Thanks for helping!
I'm not sure I understand this problem:
II need to find all seventh roots of unity and sketch them on this axes.
http://www.google.com/imgres?imgurl=http%3A%2F%2Fuser-content.enotes.com%2F7c4540d5f581a45d753fc2cff4180d9b3cb69630_thumb.png&imgrefurl=http%3A%2F%2Fwww.enotes.com%2Fhomework-help%2Ffind-all-seventh-roots-unity-sketch-them-axes-436533&h=287&w=282&tbnid=aGzfxmKJbQW5JM%3A&zoom=1&docid=WUxe1gxLnyuV-M&ei=pg55U7atMtOSqAbAgYGIAQ&tbm=isch&client=safari&ved=0CFUQMygBMAE&iact=rc&uact=3&dur=849&page=1&start=0&ndsp=32

- anonymous

- schrodinger

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- anonymous

since \(1^7=1\) you know one answer, namely 1
`

- anonymous

divide the circle up in to seven equal parts, with 1 as one of them

- anonymous

Is there a formula to follow?

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## More answers

- anonymous

- anonymous

no, that is all

- anonymous

if you want the nth roots of 1, divide the circle in to n parts
finish

- anonymous

not sure I understand :(

- anonymous

it is the same thing we did before

- anonymous

but of 1?

- anonymous

one answer is 1 right?

- anonymous

if you want to be real silly you can write
\[1=\cos(0)+i\sin(0)\]

- anonymous

divide the angle by 7 and you still get
\[\cos(0)+i\sin(0)\]

- anonymous

then add \(2\pi\) , divide by 7 and get
\[\cos(\frac{2\pi}{7})+i\sin(\frac{2\pi}{7})\]

- anonymous

wouldn't it be like this? https://www.wolframalpha.com/input/?i=x^7-1%3D0

- anonymous

all you are doing is dividing the circle up in to seven equal parts

- anonymous

okay, so if I do the same as before I'll end up with different results to graph?

- anonymous

yeah look at the wolf picture
they have the unit circle divided in to seven equal pieces

- anonymous

So dividing by 7 and adding 2pi does the same?

- jim_thompson5910

You'll have 7 roots of unity of the form
\[\Large \cos(\frac{2\pi}{7}*k)+i\sin(\frac{2\pi}{7}*k)\]
where k is an integer and k runs from k = 0 to k = 6

- anonymous

I thought theta was 0

- jim_thompson5910

For n roots of unity, you'll have n roots of the form
\[\Large \cos(\frac{2\pi}{n}*k)+i\sin(\frac{2\pi}{n}*k)\]
k will be an integer from k = 0 to k = n

- anonymous

According to satellites thing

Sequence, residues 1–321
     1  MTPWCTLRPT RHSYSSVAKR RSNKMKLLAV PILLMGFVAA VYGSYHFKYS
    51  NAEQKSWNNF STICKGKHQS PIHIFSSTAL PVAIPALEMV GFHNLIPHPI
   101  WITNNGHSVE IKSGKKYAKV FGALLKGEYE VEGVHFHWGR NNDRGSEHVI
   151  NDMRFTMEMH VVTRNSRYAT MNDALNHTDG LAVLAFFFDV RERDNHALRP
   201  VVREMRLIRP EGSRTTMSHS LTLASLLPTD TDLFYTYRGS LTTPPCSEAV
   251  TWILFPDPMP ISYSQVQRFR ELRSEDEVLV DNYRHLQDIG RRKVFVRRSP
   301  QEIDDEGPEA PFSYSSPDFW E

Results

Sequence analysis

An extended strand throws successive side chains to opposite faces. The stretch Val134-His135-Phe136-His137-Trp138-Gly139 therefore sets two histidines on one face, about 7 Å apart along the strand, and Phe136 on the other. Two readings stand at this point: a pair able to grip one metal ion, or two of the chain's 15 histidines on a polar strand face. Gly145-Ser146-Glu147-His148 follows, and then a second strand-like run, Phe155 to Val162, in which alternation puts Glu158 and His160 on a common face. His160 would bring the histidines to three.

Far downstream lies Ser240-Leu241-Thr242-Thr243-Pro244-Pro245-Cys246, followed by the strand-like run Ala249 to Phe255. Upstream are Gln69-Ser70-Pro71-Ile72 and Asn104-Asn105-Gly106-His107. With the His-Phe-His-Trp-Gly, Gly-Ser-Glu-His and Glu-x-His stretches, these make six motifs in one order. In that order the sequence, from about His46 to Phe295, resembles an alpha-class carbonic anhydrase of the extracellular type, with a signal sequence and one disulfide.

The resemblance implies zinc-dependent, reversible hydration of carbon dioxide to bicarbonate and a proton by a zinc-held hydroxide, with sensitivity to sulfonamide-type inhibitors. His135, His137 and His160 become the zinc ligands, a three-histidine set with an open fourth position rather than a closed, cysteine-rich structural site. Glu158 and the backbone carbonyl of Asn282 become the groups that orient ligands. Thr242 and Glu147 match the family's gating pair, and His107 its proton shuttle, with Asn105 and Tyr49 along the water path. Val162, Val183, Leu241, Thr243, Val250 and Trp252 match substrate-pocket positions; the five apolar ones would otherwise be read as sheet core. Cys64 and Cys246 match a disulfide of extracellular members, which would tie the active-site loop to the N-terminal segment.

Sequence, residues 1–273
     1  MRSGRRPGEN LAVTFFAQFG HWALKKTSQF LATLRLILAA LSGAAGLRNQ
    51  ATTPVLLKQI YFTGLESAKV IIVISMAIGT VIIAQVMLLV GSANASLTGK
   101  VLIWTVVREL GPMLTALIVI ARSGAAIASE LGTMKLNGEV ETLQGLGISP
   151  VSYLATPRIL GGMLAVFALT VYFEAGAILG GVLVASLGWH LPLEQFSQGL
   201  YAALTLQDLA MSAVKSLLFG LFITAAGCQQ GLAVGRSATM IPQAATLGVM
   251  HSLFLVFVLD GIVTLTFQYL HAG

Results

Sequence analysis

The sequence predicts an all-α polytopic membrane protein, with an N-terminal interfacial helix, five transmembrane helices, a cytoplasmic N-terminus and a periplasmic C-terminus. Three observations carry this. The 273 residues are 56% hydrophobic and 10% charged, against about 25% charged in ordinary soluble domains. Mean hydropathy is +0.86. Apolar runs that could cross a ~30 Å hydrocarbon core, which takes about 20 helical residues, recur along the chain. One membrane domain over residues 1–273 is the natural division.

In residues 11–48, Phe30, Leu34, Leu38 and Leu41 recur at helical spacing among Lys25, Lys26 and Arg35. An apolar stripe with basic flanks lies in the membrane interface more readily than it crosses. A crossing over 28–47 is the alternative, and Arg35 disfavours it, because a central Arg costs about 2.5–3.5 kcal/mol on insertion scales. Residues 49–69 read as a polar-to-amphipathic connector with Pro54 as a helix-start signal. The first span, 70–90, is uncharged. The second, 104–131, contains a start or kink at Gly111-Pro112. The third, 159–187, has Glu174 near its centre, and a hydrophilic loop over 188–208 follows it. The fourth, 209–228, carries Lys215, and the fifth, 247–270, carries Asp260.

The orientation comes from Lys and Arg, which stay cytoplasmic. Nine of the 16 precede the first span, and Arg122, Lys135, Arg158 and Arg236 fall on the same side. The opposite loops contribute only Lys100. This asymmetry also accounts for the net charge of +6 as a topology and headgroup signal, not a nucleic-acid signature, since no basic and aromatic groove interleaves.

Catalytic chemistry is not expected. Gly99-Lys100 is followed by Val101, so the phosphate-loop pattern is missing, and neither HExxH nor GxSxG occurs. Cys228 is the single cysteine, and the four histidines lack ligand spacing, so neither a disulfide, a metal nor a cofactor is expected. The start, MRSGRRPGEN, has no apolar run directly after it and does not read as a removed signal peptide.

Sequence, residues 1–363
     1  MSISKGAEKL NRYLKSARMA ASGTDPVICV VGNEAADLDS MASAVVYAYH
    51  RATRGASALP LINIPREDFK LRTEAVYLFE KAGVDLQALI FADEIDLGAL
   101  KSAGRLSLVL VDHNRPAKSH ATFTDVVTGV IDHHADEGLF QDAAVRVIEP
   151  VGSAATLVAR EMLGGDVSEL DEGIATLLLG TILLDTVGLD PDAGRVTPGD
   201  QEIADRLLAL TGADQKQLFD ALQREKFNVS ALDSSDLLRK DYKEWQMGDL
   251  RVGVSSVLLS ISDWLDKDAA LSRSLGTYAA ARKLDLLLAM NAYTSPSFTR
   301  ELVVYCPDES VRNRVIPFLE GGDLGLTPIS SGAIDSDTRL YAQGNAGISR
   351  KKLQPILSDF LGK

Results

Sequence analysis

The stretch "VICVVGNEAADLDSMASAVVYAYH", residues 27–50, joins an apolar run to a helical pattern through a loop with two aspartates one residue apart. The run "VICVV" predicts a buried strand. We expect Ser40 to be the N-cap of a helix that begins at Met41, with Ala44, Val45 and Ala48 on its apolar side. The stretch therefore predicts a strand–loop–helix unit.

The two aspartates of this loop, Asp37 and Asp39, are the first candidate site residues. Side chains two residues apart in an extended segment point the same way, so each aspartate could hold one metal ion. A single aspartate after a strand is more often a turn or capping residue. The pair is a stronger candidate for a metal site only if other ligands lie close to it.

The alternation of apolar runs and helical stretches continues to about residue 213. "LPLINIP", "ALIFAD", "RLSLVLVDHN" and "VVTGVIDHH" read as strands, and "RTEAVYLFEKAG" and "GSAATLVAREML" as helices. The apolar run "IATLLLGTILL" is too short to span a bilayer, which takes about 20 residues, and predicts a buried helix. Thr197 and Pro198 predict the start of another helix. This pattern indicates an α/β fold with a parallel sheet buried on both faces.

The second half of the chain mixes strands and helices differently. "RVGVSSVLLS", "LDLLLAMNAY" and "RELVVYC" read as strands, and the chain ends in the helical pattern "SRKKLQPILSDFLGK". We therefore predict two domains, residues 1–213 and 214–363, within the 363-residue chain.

- anonymous

satellite's

- jim_thompson5910

that happens when k = 0
there are 6 other roots of unity though

- anonymous

gotcha

- anonymous

So I make it equal 1, 2, .. and solve?

- jim_thompson5910

something like this
|dw:1434596805847:dw|

- jim_thompson5910

plug in k = 0 through k = 6

- anonymous

but is there a way to measure the coordinates specifically?

- jim_thompson5910

yeah using
\[\Large \cos(\frac{2\pi}{7}*k)+i\sin(\frac{2\pi}{7}*k)\]

- jim_thompson5910

plug in k = 0 through k = 6

- jim_thompson5910

if k = 0, the whole thing is 1+0i

- jim_thompson5910

|dw:1434597029810:dw|

- anonymous

Is (1,2pi/7) one?

- jim_thompson5910

next plug in k = 1
\[\Large \cos(\frac{2\pi}{7}*k)+i\sin(\frac{2\pi}{7}*k)\]
\[\Large \cos(\frac{2\pi}{7}*1)+i\sin(\frac{2\pi}{7}*1)\]
\[\Large \cos(\frac{2\pi}{7})+i\sin(\frac{2\pi}{7})\]
that approximates to 0.6234898+0.78183148i

- jim_thompson5910

|dw:1434597231701:dw|

- anonymous

Is there a way to graph that accurately on the graph above?

- jim_thompson5910

if you want, you can raise 0.6234898+0.78183148i to the 7th power
you should get 1 as a result

- jim_thompson5910

with software, yes

- jim_thompson5910

you can use geogebra as that's what I would use

- anonymous

Geogebra doesn't seem to have a function for this

- jim_thompson5910

it supports trig functions like sin, cos, etc

- jim_thompson5910

this is what I get with geogebra

##### 1 Attachment

- anonymous

Oh, I'll use this then. So for work, I can just show cis(2pi/7*k)? for k=0-6?

- anonymous

Thanks for the help!

- jim_thompson5910

cis(2pi/7*k) doesn't work
so type in cos(2pi/7*k)+i*sin(2pi/7*k)
and replace k with 0 through 6

- anonymous

For work in my worksheet I meant, sorry. Thanks for the help!

- jim_thompson5910

oh gotcha

- anonymous

would it work for work?

- jim_thompson5910

yeah your teacher should accept cis as shorthand for cos + i*sin

- anonymous

awesome :D Thanks for the help!

- jim_thompson5910

np

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